Wayuu people organize their lives around clans. For them, the clan is the heart and soul of their society, and this unique way of living sets them apart from many other cultures. Let’s dive into the fascinating world of Wayuu people and their customs.

Rancherías: Home Sweet Home

Wayuu Rancheria

A ranchería, or “pilchipala” in Wayuunaiki, is a single-story ranch dwelling that serves as the center of Wayuu family life. Typically, a ranchería consists of sleeping spaces, a corral, a garden, and a cemetery, with modern additions like water tanks now becoming more common.

These settlements are often small, with just five or six houses clustered together. Unfortunately, this means that healthcare or medical attention is usually far away for the Wayuu people.

Matrilocal Marriages and Female Leadership

Rancheria Wayuu Punta gallinas, La Guajira

Wayuu society is matrilocal, meaning that when a man marries a woman, he moves into her pilchipala, leaving his own family behind. Women are in charge of the pilchipalas and make all the decisions related to household matters. This female-centric way of living adds a unique twist to Wayuu’s life.

But this doesn’t mean life is a breeze for these women; in fact, they face numerous pressures and responsibilities, from upholding their family’s honor to mastering traditional skills.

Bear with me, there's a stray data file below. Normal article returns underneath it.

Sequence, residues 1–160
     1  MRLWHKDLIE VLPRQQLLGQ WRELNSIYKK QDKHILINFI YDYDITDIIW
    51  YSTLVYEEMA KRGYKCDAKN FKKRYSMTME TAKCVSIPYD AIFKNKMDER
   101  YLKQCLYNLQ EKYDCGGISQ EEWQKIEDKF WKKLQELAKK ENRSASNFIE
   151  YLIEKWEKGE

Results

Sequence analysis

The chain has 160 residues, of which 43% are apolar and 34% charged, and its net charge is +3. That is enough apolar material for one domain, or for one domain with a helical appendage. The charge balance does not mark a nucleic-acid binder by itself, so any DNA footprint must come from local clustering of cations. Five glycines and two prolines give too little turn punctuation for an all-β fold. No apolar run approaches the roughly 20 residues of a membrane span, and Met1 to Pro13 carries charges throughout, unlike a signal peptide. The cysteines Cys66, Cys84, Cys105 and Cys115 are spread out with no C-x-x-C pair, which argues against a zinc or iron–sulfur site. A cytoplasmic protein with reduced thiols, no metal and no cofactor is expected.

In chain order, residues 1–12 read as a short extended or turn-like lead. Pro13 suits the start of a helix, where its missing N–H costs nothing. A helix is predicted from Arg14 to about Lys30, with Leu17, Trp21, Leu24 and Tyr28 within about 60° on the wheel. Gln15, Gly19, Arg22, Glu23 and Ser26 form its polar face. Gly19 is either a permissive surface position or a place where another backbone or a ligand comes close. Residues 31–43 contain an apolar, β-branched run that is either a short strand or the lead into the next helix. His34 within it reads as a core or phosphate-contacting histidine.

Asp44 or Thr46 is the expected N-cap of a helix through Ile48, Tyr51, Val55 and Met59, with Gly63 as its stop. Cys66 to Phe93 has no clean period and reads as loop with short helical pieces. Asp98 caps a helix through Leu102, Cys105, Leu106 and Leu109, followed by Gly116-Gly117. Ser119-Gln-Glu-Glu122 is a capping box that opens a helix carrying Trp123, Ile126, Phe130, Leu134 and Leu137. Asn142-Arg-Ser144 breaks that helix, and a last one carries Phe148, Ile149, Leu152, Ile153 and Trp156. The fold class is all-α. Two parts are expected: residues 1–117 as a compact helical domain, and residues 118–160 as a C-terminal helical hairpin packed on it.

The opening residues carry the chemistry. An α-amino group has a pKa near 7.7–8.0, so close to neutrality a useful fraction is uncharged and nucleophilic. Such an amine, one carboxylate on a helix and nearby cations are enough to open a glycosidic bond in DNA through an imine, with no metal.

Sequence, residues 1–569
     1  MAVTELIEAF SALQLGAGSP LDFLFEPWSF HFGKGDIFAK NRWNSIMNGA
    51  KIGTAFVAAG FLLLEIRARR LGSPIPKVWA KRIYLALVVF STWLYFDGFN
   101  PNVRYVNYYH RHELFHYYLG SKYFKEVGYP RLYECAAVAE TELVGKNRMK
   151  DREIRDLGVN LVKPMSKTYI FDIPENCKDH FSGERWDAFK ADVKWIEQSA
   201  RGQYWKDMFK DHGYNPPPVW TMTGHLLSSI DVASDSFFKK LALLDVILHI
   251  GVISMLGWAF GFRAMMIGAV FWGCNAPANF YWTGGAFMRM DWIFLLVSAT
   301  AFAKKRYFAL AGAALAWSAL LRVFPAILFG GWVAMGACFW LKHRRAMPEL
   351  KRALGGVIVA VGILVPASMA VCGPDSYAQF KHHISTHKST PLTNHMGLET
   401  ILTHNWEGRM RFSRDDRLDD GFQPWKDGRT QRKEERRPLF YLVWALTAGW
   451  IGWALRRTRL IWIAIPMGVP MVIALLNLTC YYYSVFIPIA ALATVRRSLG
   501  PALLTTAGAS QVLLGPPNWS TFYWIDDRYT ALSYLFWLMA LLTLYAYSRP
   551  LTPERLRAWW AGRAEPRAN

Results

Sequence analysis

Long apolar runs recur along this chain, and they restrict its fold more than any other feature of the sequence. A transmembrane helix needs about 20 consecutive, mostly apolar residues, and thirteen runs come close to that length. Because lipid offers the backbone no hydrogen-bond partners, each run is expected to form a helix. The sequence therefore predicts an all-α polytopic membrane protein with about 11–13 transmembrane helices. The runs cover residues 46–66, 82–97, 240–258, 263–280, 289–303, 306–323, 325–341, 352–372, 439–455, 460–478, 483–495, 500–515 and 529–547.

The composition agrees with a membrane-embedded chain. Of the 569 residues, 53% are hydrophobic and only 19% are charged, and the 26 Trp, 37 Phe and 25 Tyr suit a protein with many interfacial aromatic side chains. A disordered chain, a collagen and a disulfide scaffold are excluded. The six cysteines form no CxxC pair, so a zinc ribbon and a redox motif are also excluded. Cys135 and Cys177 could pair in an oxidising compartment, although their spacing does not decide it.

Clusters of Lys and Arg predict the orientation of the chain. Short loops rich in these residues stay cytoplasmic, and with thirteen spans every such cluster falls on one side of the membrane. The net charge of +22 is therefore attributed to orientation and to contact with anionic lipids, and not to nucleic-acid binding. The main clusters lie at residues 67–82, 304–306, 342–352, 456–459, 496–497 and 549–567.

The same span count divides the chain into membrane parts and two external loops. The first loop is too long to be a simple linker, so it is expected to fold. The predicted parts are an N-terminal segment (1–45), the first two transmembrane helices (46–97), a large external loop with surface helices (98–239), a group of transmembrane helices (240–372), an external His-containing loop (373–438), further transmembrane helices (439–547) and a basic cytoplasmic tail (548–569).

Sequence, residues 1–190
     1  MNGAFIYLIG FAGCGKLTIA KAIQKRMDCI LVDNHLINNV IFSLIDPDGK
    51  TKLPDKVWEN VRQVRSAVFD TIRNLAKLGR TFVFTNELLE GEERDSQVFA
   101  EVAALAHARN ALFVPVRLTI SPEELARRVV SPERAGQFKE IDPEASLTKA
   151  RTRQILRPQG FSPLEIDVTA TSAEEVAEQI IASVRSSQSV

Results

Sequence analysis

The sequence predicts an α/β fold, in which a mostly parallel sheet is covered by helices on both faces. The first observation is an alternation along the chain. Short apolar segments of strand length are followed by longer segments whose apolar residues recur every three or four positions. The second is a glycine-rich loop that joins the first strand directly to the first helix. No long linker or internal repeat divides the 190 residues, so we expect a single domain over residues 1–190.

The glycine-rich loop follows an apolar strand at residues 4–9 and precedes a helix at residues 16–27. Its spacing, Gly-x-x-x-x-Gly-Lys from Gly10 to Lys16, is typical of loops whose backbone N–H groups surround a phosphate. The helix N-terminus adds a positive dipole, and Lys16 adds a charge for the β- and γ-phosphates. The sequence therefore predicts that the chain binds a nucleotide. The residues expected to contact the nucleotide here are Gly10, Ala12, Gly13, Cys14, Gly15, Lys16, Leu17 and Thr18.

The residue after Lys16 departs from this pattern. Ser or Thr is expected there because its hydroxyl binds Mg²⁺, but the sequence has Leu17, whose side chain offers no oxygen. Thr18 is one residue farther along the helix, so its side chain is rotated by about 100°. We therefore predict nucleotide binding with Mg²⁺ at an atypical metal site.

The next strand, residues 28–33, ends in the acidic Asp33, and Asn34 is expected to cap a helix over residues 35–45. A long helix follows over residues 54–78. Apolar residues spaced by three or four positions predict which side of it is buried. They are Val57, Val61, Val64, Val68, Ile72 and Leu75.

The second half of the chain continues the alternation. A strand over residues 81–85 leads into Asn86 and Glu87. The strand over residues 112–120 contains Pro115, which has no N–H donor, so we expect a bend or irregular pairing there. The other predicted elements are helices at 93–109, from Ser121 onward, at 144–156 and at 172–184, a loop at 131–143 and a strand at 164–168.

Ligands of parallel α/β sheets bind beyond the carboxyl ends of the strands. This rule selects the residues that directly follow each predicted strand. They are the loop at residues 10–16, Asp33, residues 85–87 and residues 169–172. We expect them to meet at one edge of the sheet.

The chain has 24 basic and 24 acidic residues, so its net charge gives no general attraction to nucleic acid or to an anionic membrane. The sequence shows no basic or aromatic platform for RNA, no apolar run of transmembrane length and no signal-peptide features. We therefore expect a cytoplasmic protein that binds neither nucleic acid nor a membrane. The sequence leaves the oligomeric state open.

In 2023, arranged marriages are still common among the Wayuu people. To win the hand of a Wayuu girl, a suitor must offer a dowry of goats to her family – these animals serve as a de facto currency in Wayuu society. This tradition often sees young girls getting married before they’ve even reached child-bearing age, with some as young as 11 years old.

A Coming-of-Age Journey for Wayuu Girls

Wayuu girl

When a Wayuu girl reaches puberty, she embarks on a unique coming-of-age journey. The women of her clan whisk her away into seclusion, where she’ll stay for anywhere from two months to a staggering two years or more! During this time, she learns everything necessary to become a full-fledged Wayuu woman.

Her education includes mastering cooking, cropping Wayuu bags (a crucial part of the artisan weaving industry), and other essential skills needed to become a good wife and mother. This period represents a significant transition from girlhood to womanhood, and the skills she learns will play an essential role in her life.

Dreams and Stories: The Heart of Wayuu Culture

Wayuu Rancheria (2)

Similar to Australian aborigines, the Wayuu hold dreams and their interpretations in high esteem. Their culture is steeped in rich symbolism, and they believe dreams often carry prophetic messages, guiding or warning them about future events.

Wayuu women weave their famous “mochilas” (bags) based on their dreams. According to their ancient traditions, Walekerü, the spider-god, appeared to them and taught Wayuu women how to weave their dreams into these bags. This divine spider figure bears striking similarities to Anansi, a West African spider deity.